A weekend in the Green Zone as part of the Labour Friends of Iraqs ongoing dialogue with the Islamic Dawa Party of Prime Minister Al Maliki was gruelling but politically worthwhile.
Talking with the PM and his party colleagues, his bipartisan advisory group, the Sunni Defence Minister, MPs from various parties in the Parliament and others reinforced several themes.
First, the massive burdens of Iraqs history and geography. The scale of the physical and psychological destruction wreaked by Saddam should never be forgotten. And Iraq is surrounded by countries which are suspicious (some with good historical reasons) and hostile for ethnic, economic and political reasons with some actively fomenting terrorism. Iraq’s neighbours prefer Iraq as a consumer rather than producer and competitor. A successful Iraq would be positive for the wider Middle East, which is why reactionary forces there want it to fail.
However, the Prime Ministers relatively successful action against the Mehdi Army in Basra which halted the talibanisation of the city and retrieved control over the port and trade routes from them has made him popular with Sunnis and Shias and may allow him to be a popular and unifying force.
Time will tell if Iraqi forces are able to establish their writ in Mosul near the Syrian border and in Sadr City in Baghdad from where the rockets and mortars aimed at the Green Zone originate.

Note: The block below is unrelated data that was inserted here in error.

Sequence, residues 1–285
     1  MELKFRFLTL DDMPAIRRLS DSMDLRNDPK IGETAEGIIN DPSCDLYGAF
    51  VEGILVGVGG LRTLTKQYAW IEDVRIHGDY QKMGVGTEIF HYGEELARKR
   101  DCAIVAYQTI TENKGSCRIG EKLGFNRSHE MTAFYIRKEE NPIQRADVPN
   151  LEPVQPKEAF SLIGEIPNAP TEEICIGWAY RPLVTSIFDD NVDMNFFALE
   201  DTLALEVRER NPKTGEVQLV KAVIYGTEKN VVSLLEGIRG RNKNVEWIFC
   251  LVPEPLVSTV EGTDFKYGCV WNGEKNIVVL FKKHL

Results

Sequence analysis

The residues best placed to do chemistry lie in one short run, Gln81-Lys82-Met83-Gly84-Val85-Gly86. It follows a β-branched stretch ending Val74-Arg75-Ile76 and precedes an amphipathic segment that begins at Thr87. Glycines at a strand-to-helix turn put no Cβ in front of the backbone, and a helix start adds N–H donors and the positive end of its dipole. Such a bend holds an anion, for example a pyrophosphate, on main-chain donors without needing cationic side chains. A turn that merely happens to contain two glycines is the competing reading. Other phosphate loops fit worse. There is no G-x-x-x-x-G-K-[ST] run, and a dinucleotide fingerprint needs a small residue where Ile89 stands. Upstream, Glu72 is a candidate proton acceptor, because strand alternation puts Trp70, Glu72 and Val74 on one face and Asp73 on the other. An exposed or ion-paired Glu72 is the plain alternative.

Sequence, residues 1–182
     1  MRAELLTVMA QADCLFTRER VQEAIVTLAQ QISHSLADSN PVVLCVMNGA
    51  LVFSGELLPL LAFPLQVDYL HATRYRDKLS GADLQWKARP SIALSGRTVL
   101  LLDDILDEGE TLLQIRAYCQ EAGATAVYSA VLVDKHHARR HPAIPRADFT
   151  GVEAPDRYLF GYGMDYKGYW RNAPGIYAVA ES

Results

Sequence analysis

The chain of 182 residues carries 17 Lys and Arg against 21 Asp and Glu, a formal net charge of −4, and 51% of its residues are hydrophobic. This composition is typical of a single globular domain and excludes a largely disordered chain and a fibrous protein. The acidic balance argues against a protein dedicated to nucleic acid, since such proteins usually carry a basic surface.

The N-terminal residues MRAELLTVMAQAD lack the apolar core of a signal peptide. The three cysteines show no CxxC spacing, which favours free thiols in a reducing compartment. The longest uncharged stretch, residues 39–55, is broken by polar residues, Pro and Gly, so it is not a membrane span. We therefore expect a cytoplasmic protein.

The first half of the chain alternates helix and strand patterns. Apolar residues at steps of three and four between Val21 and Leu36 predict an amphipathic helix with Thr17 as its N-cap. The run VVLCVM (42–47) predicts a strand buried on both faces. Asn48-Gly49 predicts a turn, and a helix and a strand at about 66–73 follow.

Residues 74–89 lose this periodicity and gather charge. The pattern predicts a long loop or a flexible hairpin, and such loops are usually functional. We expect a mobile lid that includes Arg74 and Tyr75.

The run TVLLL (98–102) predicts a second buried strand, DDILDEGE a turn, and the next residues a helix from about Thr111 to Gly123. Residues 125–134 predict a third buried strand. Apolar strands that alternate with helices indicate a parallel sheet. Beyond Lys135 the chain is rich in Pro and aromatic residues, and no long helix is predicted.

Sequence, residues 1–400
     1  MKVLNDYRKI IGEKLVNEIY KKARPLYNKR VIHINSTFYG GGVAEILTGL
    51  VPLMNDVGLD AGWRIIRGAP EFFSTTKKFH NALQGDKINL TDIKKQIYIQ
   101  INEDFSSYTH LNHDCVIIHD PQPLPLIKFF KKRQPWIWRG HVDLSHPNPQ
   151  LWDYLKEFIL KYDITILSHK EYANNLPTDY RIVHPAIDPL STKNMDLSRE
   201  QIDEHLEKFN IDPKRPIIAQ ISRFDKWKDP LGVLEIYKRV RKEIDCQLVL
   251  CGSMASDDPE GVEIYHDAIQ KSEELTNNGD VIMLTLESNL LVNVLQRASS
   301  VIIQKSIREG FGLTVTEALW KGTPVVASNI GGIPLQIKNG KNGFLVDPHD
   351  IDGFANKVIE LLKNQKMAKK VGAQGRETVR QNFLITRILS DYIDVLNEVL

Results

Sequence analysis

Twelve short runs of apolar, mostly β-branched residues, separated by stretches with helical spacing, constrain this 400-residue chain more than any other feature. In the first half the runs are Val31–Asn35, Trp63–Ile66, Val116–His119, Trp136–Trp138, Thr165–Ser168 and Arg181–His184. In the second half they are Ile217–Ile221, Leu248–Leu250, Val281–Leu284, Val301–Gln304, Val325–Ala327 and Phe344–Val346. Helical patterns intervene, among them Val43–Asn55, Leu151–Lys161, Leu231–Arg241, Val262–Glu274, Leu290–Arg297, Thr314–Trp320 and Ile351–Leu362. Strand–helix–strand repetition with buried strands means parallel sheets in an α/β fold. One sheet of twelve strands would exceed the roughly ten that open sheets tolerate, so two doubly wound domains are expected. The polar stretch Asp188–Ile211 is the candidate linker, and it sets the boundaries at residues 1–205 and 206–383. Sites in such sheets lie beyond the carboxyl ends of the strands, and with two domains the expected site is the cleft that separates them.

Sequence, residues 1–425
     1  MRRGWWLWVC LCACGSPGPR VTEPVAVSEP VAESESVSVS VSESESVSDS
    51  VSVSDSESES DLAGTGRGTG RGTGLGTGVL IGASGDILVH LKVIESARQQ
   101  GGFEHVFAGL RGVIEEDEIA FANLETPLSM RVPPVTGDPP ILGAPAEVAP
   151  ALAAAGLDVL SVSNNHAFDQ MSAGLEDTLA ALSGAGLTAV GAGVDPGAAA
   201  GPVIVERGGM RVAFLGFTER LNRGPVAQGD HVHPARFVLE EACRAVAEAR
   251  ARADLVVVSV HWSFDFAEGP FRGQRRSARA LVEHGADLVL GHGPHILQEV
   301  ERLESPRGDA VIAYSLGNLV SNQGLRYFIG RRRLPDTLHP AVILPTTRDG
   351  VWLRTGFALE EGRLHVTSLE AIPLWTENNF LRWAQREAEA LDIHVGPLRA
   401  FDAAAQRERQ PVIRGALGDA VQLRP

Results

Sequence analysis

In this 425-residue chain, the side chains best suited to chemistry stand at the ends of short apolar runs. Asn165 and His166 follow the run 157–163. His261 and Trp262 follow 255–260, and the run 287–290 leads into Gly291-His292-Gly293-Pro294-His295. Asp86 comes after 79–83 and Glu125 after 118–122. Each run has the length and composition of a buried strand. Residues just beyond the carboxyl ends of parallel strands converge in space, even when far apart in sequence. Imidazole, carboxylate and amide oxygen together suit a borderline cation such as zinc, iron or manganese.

I have visited Iraqi Kurdistan for two week-long visits and now Baghdad for a long weekend. I have met very many politicians and others who have a deep affection for Britain, which I believe is genuine. English is widely spoken and taught at schools from a very early age.
In our meeting with MPs, I raised the issue of whether Iraq would one day like to join the Commonwealth. The answer was positive. It will be a question of priorities and timing. But Iraqi political leaders are very eager to engage with the outside world and overcome decades of isolation. You read it here first.
On a less positive note, the trade unions, which have come from near complete annihilation under Saddam to being a considerable non-sectarian force, still face needless restrictions on their work. We strongly pushed the PM and the Dawa Party to lift such restrictions and have been promised progress on this in the near future.
Gary Kent is a graduate of international relations. After spells in management in British Rail and the Co-Op he began work in parliament in 1987 where he was active for two decades on Anglo-Irish peace activity against terrorism and now as secretary of the all-party parliamentary group on the Kurdistan Region in Iraq, which he has visited 27 times since 2006. He used to be a columnist for Fortnight Magazine and writes a regular column for the Kurdish Rudaw outlet and many other publications.